Spring, Maybe?

Double Dots welcomes Spring as only a rooster can.

We’re supposed to have a snow storm tomorrow, so maybe we shouldn’t get excited about it, but can you really tell a chicken that? My birds see the green things starting to grow and the sun staying out longer and they are happy birds.

It’s been a rough Fall/Winter for us.

The last time I posted anything, it was to say goodbye to my poor sweet little Pavelle. I miss her a lot. The two last babies we hatched of her eggs were both roosters, and I soon have to decide if I am keeping them or getting rid of them. And, of course, we have an over abundance of roosters yet again. The story of my Chicken Life, for sure.

Not long after we said goodbye to Pavelle, we got the first cold snap of the year. I have mentioned before that we seem to lose one chicken a year to the bad cold snap.

This year it was my beloved Abby, sister to Dots and my main hen for a lot of years. I had a hard time with losing her, and I couldn’t bring myself to post it. This is the first time.

Abby was my oldest hen. She would have been five years old this year, in a couple of weeks. She my first broody hen, the one that got me hooked on raising chicks from hatch rather than from the store. She was stubborn, sassy, bossy and didn’t take crap. She didn’t even like me. Just tolerated me because I brought the food.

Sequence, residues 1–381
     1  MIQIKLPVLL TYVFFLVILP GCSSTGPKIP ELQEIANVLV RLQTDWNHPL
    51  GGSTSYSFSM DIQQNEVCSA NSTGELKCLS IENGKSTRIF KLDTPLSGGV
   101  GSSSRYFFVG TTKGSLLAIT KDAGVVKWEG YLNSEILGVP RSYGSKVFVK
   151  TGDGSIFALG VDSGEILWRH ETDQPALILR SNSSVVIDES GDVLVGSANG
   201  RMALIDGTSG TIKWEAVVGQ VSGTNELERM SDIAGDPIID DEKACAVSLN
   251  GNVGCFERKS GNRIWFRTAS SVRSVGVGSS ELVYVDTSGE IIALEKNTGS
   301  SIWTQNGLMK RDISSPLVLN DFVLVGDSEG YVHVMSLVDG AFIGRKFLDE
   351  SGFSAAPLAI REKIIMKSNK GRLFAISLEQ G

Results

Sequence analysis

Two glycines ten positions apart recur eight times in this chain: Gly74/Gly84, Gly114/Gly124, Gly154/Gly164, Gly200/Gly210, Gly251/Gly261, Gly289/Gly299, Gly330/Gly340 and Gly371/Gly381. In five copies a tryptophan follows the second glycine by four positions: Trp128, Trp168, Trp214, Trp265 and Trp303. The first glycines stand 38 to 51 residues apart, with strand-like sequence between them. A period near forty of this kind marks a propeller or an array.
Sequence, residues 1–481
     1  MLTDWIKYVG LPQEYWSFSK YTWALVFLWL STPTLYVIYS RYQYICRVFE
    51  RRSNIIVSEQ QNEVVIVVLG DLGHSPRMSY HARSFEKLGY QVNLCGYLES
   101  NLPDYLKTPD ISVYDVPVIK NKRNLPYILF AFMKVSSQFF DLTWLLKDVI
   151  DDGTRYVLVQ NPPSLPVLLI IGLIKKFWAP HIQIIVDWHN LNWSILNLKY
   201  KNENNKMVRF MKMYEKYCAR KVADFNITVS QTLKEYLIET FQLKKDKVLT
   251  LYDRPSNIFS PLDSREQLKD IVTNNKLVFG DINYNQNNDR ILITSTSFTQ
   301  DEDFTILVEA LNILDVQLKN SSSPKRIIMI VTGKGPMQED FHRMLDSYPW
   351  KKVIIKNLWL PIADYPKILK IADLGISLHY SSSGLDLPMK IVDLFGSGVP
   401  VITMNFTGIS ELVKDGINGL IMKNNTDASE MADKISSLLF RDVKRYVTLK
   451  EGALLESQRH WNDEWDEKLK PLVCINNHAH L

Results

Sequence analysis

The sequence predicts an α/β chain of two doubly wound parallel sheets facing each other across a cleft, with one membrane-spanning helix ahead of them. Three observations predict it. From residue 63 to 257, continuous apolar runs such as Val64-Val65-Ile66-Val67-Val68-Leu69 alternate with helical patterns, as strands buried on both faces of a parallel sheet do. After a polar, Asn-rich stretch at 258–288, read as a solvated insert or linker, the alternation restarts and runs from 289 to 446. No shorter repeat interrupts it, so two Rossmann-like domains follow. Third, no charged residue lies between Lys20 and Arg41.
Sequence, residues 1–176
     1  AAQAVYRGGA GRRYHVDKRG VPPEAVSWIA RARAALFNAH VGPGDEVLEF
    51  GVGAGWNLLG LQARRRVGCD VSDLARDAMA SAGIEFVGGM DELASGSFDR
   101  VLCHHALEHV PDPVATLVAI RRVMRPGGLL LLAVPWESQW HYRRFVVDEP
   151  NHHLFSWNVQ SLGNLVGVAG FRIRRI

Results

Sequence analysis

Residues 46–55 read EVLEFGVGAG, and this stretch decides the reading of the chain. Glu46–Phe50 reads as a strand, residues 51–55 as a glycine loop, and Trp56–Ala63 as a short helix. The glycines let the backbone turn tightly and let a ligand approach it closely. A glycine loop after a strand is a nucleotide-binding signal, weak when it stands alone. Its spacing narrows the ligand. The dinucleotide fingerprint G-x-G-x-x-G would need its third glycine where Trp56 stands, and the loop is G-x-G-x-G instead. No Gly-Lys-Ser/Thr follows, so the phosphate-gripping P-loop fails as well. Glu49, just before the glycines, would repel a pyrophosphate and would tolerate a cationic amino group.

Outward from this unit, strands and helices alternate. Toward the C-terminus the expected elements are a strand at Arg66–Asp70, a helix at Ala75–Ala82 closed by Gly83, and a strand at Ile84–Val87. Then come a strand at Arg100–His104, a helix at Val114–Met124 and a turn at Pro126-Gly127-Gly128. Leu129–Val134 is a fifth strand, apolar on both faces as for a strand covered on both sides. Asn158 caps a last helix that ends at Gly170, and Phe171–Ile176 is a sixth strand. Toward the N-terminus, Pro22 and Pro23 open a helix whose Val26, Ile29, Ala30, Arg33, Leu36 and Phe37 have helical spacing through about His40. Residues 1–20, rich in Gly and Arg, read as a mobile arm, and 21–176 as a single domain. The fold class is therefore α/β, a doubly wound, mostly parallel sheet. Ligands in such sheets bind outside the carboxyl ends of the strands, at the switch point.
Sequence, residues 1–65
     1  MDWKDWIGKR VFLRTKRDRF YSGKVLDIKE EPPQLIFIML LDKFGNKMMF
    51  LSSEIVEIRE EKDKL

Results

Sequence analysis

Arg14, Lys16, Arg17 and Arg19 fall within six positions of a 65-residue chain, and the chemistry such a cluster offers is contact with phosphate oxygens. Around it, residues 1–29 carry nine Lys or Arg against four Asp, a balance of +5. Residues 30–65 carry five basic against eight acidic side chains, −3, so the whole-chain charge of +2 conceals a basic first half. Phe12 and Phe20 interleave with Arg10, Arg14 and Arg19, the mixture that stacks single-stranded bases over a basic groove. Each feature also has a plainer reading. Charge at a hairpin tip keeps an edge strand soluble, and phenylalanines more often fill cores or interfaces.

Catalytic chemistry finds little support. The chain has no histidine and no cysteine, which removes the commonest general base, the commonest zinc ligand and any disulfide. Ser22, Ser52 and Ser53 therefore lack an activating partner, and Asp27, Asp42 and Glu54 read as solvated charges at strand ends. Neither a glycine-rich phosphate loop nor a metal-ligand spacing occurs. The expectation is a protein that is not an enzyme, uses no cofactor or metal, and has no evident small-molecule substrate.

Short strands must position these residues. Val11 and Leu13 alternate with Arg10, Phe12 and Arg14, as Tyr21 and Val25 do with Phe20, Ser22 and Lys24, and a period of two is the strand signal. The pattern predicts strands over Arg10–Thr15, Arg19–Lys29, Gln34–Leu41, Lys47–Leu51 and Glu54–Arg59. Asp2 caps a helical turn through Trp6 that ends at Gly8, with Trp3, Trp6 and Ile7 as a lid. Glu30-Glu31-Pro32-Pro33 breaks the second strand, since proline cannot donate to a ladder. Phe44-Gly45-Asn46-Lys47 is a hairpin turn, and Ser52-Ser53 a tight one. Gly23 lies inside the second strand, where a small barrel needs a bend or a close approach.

I miss her. So does Dots. He sulked for days with his sister. Things are not the same now.

We’re discussing new floors for the coop this year. After five years, the floor is bad in some places. And also taking a row of nexts out to make a special in-coop place for the broodies. Maybe.

Since my DH is off work due to the Covid-19 and social distancing, he might get it done.

Maybe when he gets finished with this.. it’s an 1970’s era Case tractor he has spent the winter slowly fixing and restoring. He hopes to make it run so we can use it to make out own hay for the need cows.

Both the cows are pregnant, and I think that Delilah is going to freshen first.

All things to come.

If it’s not molting, it’s…

… ??

That’s the question I’ve been asking myself for the last week or better.  But here, for you, dear readers, I’ll back track…